Coronavirus death toll rises to 17 as experts consider declaring a public health emergency

The death toll from a new global virus rose to at least 17 on Wednesday as experts from around the world gathered in Switzerland to determine how to manage the ominous outbreak.

China has identified more than 500 cases and all the deaths, mostly in and around the central city of Wuhan. The virus has spread to other parts of China, and cases have also been confirmed in the U.S., Thailand, South Korea, Japan and Taiwan.

Trish Perl, a coronavirus expert at UT Southwestern Medical Center in Dallas, said health officials should take seriously the threat of the virus spreading across the U.S.

“We don’t know the magnitude of this outbreak, but we know from previous outbreaks that coronaviruses can spread quickly,” Perl told USA TODAY. “Some people may not know they’re infected.”

The first U.S. case, reported Tuesday, involves a Washington state resident in his 30s who first displayed symptoms Sunday. He was listed in good condition at Providence Regional Medical Center in Snohomish County north of Seattle.

“Our first priority remains public safety,” said Washington State Secretary of Health John Wiesman. “We believe the risk to the public is low. And as this situation evolves, we will continue to communicate with the CDC, Snohomish County and the public.”

The World Health Organization’s emergency committee, meeting in Geneva, will make a recommendation on whether the outbreak constitutes a public health emergency of international concern – a PHEIC. The WHO director-general, Tedros Adhanom Ghebreyesus, has the final say. He could then issue recommendations to countries on guidelines to combat the new virus.

The U.S. representative at the WHO meeting is Martin Cetron, who heads the division of Global Migration and Quarantine at the Centers for Disease Control and Prevention. WHO has been here before, recommending emergency declarations made for outbreaks of SARS, MERS, Ebola, Zika and swine flu.

The timing could not be worse – the Lunar New Year is Saturday, and hundreds of millions of people across Asia travel in packed buses, trains and planes to celebrate. Chinese health officials have urged the 11 million residents of Wuhan not to leave the city and to avoid crowds as much as possible.

Coronaviruses are a large family of viruses that cause illness ranging from the common cold to more severe infections such as pneumonia, Middle East respiratory syndrome (known as MERS) and severe acute respiratory syndrome (SARS). Common signs of infection include fever, cough, shortness of breath and breathing difficulties. In more severe cases, infection can cause pneumonia, kidney failure or death.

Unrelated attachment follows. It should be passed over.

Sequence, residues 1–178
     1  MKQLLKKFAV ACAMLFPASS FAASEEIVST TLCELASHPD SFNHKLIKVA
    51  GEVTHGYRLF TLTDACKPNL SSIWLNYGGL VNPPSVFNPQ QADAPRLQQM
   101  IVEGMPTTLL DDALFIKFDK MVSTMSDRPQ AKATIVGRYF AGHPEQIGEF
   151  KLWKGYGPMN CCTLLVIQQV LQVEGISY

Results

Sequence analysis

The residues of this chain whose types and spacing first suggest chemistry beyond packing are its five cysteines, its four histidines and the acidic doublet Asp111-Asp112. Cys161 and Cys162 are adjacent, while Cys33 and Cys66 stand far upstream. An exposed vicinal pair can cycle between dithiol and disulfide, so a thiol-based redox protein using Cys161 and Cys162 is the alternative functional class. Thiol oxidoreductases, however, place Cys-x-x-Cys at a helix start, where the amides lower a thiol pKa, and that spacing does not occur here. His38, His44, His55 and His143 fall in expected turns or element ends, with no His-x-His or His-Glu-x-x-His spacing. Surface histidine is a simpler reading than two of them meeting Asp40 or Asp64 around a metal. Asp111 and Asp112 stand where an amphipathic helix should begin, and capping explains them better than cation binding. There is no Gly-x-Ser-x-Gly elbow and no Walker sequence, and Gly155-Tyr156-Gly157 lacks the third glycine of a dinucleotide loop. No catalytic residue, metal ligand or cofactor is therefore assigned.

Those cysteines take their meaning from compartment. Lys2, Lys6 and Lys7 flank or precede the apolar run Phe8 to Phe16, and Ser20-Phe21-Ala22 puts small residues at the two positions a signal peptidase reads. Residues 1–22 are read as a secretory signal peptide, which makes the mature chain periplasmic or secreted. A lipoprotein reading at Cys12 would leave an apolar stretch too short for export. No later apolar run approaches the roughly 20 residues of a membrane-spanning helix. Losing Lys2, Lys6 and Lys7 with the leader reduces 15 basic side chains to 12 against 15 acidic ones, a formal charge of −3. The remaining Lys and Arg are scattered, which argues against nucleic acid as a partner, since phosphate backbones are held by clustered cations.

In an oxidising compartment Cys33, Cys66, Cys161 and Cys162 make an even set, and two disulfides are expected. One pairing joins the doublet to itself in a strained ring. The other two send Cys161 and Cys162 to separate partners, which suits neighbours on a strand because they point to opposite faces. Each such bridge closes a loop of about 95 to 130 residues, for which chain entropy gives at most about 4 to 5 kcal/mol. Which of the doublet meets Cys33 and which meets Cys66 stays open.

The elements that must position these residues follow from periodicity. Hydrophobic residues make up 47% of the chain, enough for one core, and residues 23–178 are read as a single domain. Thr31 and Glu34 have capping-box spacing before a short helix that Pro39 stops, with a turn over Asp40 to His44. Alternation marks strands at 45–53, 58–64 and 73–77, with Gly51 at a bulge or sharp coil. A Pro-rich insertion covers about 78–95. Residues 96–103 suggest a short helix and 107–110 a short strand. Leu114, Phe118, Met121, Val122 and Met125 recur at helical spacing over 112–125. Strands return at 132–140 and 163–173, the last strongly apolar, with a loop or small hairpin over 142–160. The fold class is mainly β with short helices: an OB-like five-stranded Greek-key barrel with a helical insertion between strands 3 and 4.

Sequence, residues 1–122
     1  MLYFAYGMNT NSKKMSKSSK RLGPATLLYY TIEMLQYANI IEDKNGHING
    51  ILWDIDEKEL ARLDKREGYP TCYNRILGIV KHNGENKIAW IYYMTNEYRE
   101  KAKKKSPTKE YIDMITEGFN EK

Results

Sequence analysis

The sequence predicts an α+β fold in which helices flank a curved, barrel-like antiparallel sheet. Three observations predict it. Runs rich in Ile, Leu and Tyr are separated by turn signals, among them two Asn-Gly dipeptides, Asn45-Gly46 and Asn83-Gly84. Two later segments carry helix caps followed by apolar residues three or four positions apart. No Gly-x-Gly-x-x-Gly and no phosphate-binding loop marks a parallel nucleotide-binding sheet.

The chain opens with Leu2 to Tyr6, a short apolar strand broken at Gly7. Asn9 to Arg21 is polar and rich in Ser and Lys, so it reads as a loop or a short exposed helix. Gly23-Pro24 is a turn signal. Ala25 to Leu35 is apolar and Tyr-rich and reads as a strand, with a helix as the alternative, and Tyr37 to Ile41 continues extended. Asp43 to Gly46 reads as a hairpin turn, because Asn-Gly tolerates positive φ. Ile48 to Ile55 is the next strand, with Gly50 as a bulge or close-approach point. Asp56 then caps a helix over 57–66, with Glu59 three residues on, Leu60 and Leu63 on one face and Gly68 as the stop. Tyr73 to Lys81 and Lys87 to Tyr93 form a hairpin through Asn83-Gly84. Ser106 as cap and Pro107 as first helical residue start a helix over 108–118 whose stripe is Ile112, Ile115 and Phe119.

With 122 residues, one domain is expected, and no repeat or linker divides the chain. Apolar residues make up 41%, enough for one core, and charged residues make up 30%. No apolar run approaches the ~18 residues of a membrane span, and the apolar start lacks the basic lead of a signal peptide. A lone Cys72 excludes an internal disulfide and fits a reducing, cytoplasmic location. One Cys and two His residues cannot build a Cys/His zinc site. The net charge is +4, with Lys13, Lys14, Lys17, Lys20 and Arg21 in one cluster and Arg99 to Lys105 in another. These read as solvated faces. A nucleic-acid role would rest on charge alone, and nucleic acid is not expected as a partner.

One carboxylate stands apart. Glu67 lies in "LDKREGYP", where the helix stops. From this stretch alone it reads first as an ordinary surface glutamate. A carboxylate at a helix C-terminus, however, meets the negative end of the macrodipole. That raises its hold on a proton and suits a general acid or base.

A SARS outbreak that spread from China across several countries in 2002-2003 killed 800 people and sickened more than 8,000.

“The fact that the coronavirus is in the same family as MERS and SARS, and that we do not know how contagious it currently is, is worrying,” said Ogbonnaya Omenka, an assistant professor and public health specialist at Butler University’s College of Pharmacy and Health Sciences. “The U.S. should be hypervigilant, especially now that there has been a reported case in the country.”

Coronaviruses are zoonotic, meaning they are transmitted between animals and people. This illness is now also being spread between people, health officials said. The source of the outbreak is still under investigation in Wuhan. Preliminary investigations have identified the now-closed Huanan Seafood Wholesale Market.

The CDC, which began enhanced health screenings last week at airports in San Francisco, New York and Los Angeles, said Atlanta and Chicago would be added to the list. All traveling from Wuhan to the U.S. are rerouted to these airports.

New Jersey’s senators, Democrats Robert Menendez and Cory Booker, asked the CDC to expand the list to include all major international U.S. airports, specifically Newark Liberty International Airport.

President Donald Trump told reporters Wednesday that his administration has a plan to block any outbreak of the coronavirus, saying the CDC “has been terrific.”

There is no vaccine, although nine studies are examining coronavirus vaccine development. There is also no specific treatment, but recommended measures are similar to those for a cold, such as rest and drinking a lot of fluid.

WHO said basic measures to curb spreading the virus include avoiding close contact with people suffering from acute respiratory infections, frequent hand-washing and avoiding unprotected contact with farm or wild animals.

WHO does not recommend any specific health measures for travelers. In case of symptoms that suggest acute respiratory illness during or after travel, travelers are encouraged to seek medical attention and share their travel history with their health care provider.